Mike Rizzo: "I learned you take nothing for granted. We won 98 games. We thought we had a really good team going. It was young and sustainable. You take nothing for granted. We were up five runs in that game at one point. We were up two runs in the ninth. We were one strike away from winning the game and winning the series."

"The one thing it does to you, it is the ultra-motivator in my mind. When you get a taste for it, it's something that you want to repeat year in and year out."

Michael Morse: "I think that year, in D.C., if you look back at the teams in D.C. before that, it was a lot of individual guys doing their individual stuff, not really a team effort or team oriented. No one is really caring about wins and losses, but once 2012 hit, it was all about winning. I think that has helped that organization since then just care about winning."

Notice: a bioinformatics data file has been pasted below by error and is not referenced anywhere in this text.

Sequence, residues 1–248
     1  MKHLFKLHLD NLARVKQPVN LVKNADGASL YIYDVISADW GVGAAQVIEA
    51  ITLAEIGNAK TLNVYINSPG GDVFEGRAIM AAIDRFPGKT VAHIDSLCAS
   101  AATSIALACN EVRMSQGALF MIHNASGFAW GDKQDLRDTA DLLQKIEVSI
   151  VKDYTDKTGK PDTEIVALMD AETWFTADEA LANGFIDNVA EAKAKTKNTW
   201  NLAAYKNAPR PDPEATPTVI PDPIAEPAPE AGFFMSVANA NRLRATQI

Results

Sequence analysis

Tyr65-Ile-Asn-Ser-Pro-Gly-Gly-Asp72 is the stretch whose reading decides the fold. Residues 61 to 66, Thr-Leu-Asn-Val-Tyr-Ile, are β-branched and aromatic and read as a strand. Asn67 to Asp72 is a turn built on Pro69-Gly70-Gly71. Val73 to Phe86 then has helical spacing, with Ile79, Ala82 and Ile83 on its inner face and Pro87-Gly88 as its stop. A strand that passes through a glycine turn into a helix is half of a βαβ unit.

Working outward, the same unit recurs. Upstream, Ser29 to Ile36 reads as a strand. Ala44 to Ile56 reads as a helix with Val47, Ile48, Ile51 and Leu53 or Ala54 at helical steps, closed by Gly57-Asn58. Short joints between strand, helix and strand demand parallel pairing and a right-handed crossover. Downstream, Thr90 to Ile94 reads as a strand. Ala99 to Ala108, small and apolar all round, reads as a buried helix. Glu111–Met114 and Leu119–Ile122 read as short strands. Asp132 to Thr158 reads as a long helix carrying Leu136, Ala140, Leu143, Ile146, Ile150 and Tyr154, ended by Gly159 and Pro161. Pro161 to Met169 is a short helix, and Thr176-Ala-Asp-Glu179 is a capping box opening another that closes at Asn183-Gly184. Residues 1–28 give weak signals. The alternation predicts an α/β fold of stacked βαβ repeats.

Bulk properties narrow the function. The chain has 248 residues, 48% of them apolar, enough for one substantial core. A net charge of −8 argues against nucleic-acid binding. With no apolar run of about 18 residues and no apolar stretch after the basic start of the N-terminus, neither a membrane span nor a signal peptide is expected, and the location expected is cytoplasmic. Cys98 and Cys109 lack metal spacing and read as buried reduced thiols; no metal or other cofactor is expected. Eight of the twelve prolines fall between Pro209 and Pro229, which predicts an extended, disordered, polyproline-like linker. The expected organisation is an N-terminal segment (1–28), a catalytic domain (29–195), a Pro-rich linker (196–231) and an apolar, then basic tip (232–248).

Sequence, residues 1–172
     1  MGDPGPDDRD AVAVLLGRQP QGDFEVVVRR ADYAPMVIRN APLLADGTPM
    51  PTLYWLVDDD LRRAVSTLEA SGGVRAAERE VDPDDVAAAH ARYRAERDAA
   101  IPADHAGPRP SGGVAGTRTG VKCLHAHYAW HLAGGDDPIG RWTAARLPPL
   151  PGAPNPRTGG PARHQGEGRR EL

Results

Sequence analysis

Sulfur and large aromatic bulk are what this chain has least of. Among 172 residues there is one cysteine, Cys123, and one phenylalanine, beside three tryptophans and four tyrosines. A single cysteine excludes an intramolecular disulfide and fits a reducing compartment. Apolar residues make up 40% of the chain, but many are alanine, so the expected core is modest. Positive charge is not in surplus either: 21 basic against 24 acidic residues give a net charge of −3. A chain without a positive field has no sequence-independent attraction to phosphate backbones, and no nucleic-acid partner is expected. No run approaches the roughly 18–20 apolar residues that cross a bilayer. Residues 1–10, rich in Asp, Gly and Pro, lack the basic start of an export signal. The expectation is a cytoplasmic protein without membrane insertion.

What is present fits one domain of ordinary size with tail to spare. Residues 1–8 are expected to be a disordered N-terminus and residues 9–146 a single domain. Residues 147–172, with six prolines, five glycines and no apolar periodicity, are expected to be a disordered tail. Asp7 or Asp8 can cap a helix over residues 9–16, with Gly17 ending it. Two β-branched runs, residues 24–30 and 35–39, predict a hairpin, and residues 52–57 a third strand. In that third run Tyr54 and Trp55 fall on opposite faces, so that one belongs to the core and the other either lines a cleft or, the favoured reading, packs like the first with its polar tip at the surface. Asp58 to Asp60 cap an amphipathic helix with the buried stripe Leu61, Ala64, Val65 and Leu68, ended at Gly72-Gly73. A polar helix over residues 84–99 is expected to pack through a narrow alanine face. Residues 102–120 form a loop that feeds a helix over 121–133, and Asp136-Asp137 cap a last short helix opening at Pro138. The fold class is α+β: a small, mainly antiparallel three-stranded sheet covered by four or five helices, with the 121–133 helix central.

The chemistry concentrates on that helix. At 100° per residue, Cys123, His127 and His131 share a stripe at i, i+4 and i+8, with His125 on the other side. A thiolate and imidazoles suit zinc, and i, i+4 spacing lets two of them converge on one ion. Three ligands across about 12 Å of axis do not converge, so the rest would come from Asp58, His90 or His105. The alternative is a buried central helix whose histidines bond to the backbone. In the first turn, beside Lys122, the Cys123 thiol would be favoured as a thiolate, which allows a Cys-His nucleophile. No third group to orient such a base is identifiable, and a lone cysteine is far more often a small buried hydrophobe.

Mike Rizzo: "We've been fortunate enough here, since that season, we've won as many games as anybody in baseball. I think the Cardinals have won three more games over that span [461] than we have in the last five seasons [458]. We've won three division titles in five years. We feel that we are a good organization, that is built the right way, to sustaining championship caliber play, and we're looking forward to seeing how we can compete this year."